as far as drilling any of them it's not all that hard, I have never found drilling to be hard if you take your time, just don't drill the bottom.
i completely agree that a 75 or 90 would be the way to go if i wanted to buy a new tank. this build is predicated on using my freshwater tank to save dough. plus if i use it and build it a cabinet my wife gets happy because i'm moving it "out of the way".

If drilling the tank isn't a "necessity" i want to avoid it. if i mess up the tank then i'm sunk because i'm trying to keep the expense down below the household budget's radar screen (a little bit each month over the next 2-3 months will not be a "discussion"....;)



another new question...

how hard will this move be on my condy anem? am i asking for trouble trying to move it before the tank has cycled and matured 6 months?
 

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yes, you are asking for trouble, but only if you put it in the tank while cycling... what I mean here is... just move your existing rock and livestock over to the 55 when you are ready to transfer. Have some more rock curing in a small strerilite bin (you can get them from walmart for a few dollars) and add that rock to the tank in stages as it goes through it's cycle... either way , start with a new sandbed and use most of the existing water out of the old tank, but have enough of the new water to fill the tank the rest of the way up. That will minimize stress to the livestock during the change over.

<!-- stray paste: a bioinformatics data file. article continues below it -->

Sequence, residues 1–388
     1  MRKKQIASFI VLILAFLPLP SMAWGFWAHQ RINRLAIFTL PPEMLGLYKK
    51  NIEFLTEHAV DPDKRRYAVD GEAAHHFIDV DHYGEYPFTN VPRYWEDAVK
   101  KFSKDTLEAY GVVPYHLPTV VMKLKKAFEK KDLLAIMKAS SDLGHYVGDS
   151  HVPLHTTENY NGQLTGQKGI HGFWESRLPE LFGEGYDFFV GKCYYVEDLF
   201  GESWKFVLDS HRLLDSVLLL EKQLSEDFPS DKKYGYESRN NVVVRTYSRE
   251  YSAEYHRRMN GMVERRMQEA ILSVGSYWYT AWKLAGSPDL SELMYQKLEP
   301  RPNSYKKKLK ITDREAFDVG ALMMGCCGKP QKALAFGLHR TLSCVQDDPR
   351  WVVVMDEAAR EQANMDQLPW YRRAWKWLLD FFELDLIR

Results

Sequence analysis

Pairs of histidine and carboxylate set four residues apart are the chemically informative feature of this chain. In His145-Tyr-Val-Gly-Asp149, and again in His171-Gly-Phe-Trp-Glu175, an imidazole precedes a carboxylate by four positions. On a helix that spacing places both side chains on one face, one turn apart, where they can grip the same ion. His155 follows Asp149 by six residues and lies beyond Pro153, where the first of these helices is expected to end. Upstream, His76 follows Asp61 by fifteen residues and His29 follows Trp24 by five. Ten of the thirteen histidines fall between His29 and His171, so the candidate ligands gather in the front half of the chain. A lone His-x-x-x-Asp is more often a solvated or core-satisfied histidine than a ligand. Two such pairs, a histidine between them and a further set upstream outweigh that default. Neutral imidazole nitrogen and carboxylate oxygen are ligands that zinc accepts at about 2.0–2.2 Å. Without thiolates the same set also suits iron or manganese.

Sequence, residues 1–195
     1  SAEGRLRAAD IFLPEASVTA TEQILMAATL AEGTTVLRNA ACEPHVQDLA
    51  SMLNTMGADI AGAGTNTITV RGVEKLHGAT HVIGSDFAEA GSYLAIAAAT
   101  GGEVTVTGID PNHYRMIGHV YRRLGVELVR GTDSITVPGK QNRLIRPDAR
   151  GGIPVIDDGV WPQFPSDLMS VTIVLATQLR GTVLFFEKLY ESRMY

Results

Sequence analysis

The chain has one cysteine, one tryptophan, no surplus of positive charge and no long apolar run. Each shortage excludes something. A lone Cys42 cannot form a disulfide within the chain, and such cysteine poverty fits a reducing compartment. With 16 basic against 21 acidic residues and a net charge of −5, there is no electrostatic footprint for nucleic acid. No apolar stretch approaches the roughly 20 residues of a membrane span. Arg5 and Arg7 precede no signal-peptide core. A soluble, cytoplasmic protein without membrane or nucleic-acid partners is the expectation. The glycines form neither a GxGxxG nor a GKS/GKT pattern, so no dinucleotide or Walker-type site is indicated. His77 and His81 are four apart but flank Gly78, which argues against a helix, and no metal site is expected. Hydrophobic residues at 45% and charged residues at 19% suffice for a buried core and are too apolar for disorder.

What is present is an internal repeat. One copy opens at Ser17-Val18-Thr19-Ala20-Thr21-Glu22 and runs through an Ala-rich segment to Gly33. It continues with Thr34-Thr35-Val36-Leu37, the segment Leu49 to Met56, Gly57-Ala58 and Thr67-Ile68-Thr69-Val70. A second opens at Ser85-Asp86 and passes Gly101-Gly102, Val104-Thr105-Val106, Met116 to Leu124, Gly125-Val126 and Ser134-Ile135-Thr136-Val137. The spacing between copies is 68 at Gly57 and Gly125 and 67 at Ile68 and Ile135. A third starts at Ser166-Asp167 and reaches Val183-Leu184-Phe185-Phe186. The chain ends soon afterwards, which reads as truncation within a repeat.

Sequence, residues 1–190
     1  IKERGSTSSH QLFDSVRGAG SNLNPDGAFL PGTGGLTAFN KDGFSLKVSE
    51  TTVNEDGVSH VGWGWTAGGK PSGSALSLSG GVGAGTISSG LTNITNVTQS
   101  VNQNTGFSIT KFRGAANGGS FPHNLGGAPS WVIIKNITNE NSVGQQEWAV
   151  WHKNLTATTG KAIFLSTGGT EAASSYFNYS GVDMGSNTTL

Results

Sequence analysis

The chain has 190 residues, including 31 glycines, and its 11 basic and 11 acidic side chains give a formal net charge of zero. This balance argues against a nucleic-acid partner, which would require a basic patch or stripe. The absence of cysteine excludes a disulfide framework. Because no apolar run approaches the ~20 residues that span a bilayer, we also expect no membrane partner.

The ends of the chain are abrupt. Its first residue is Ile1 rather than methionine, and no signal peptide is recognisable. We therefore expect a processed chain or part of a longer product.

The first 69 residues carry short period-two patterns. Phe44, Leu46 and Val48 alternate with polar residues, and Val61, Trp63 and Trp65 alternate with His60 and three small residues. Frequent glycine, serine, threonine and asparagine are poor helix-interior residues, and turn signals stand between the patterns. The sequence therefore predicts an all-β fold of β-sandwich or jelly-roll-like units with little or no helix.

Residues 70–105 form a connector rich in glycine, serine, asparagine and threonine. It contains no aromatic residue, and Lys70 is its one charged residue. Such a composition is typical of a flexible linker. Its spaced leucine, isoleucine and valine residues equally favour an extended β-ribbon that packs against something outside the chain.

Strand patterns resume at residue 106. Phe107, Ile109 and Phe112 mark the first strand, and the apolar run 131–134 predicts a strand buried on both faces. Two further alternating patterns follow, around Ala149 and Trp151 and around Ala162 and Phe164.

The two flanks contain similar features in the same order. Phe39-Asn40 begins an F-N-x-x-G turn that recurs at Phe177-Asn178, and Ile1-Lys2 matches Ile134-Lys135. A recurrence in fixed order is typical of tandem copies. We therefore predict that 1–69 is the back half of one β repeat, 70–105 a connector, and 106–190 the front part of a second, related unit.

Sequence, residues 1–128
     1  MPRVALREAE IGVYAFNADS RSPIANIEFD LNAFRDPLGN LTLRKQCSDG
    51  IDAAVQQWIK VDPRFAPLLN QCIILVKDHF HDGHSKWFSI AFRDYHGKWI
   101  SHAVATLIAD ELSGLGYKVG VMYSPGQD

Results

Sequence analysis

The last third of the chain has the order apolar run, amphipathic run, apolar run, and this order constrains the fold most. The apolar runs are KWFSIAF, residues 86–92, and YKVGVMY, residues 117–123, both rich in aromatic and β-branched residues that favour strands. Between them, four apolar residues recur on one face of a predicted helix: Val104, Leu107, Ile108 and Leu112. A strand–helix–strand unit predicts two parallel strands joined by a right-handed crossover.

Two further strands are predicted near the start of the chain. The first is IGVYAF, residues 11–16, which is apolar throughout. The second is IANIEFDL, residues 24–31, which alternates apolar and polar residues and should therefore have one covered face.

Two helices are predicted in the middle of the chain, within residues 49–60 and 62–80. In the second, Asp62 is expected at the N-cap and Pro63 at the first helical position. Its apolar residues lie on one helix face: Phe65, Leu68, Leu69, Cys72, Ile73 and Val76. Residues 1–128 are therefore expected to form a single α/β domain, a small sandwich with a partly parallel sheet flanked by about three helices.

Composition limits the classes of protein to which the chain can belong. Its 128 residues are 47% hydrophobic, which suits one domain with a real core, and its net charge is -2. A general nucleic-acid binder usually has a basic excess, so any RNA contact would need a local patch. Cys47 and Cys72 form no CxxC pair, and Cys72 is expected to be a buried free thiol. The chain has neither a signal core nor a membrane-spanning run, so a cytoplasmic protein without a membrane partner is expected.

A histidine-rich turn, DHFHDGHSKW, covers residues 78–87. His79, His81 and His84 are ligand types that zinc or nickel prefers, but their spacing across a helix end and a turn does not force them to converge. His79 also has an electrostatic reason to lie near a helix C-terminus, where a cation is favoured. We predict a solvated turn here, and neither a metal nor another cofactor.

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Marine Addict: 75g Habit
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Discussion Starter · #13 ·
use most of the existing water out of the old tank, but have enough of the new water to fill the tank the rest of the way up. That will minimize stress to the livestock during the change over.